Reporting time pay. The employee alleged that the employer failed to comply with the reporting time pay requirements of Wage Order 7 by denying employees compensation for Call-In shifts when employees made themselves available for work during scheduled shifts, called or contacted the employer at an appointed time, and were told they would not be working. Under Section (5) of Wage Order 7, each day an employee is required to report for work and does report, but is not put to work or is furnished less than half of the employee’s usual or scheduled day’s work, the employee is to be paid for half of the usual or scheduled day’s work in an amount not less than two hours’ wages and no more than four hours’ wages.

Ward v. Tilly’s, Inc. While this appeal was pending, a California appeals court issued Ward v. Tilly’s, Inc., which addressed the question whether retail store employees were due reporting time pay under Wage Order 7 when they contacted the store two hours before their Call-In shift, as required by the employer, and were told not to come to work. The state appellate court concluded that the on-call scheduling triggered Wage Order 7’s reporting time pay requirements, reasoning that such shifts “burden employees,” who receive no compensation unless ultimately called in to work.

On appeal, the employer argued that the Ninth Circuit should not follow Ward because there was persuasive evidence that the California Supreme Court would reach a different result. Alternatively, the employer argued that the appeals court should certify the question of Wage Order 7’s reporting time pay provision to the California Supreme Court. Finding that the California Supreme Court would reach an outcome consistent with Ward, the appeals court declined to certify the question.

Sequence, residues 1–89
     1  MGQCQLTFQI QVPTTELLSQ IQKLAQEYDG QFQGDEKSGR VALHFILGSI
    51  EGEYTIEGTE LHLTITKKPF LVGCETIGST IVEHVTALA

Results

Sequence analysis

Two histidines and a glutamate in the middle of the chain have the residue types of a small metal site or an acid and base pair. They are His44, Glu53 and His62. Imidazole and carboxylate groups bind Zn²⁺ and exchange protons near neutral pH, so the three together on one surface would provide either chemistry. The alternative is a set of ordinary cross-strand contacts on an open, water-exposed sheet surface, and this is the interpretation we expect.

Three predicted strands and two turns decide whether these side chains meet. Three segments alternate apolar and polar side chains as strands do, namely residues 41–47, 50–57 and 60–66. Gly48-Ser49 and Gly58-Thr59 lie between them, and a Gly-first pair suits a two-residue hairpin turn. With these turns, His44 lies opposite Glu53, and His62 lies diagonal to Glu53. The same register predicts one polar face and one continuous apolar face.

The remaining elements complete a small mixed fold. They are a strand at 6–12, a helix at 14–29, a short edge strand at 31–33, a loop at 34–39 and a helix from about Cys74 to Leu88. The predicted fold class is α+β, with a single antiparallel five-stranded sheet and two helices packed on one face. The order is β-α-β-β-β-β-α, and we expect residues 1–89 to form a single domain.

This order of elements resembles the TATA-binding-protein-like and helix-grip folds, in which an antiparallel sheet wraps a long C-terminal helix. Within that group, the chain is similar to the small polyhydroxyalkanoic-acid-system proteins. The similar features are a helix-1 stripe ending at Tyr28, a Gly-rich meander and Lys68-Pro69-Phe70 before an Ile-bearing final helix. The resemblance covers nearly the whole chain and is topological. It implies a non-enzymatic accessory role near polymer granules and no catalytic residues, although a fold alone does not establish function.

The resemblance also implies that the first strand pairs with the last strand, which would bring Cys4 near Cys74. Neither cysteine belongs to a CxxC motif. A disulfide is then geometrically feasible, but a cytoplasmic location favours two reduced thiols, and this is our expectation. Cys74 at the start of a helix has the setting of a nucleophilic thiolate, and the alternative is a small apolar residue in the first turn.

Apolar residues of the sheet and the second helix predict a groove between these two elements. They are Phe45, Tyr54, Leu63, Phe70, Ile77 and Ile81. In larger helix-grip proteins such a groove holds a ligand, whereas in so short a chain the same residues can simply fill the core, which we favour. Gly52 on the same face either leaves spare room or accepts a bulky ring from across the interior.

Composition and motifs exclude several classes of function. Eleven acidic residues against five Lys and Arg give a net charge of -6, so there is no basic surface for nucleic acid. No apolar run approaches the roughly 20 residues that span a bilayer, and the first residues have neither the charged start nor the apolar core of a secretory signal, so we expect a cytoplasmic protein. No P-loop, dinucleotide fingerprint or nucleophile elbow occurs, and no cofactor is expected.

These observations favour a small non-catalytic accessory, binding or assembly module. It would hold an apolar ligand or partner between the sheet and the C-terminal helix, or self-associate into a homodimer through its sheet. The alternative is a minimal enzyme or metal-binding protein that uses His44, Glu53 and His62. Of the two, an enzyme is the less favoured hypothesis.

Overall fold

Phone call versus physical presence. Here, the parties disputed whether calling one’s employer at an appointed time before a scheduled shift constitutes “reporting for work” under subsection (5)(A) of Wage Order 7. The employer argued that one can only “report for work” in person and therefore only an employee’s physical presence may trigger the reporting time pay requirement. The Ninth Circuit concluded that the California appeals court resolved this dispute in Ward, finding that because one can report to a place or for a task, the plain language of the text of “reporting for work” under subsection (5)(A) remained susceptible to more than one meaning.

Moreover, looking to the history and purpose of Wage Order 7’s reporting time pay requirement, the Ward court concluded that it was twofold: to “compensate employees” and to “encourage proper notice and scheduling.” Thus, the Ward court concluded that, had the Industrial Welfare Commission considered the issue, it would have concluded that telephonic call-in requirements trigger reporting time pay obligations. Therefore, under Ward,an employee need not necessarily physically appear at the workplace to “report for work.”

Additionally, the Ward court determined that its conclusion about reporting time pay for call-in shifts was consistent with the California Supreme Court’s 2016 decision in Augustus v. ABM Security. In Augustus, the California high court held that a policy in which employees were required to carry a device during their breaks so that they could be reached by the employer was “irreconcilable with employees’ retention of freedom to use rest periods for their own purposes,” and did not satisfy the wage order’s rest period requirement.

In sum, the Ninth Circuit concluded that under subsection (5)(A) of Wage Order 7, a requirement that employees call their manager 30 minutes to one hour before a scheduled shift constitutes “reporting for work.”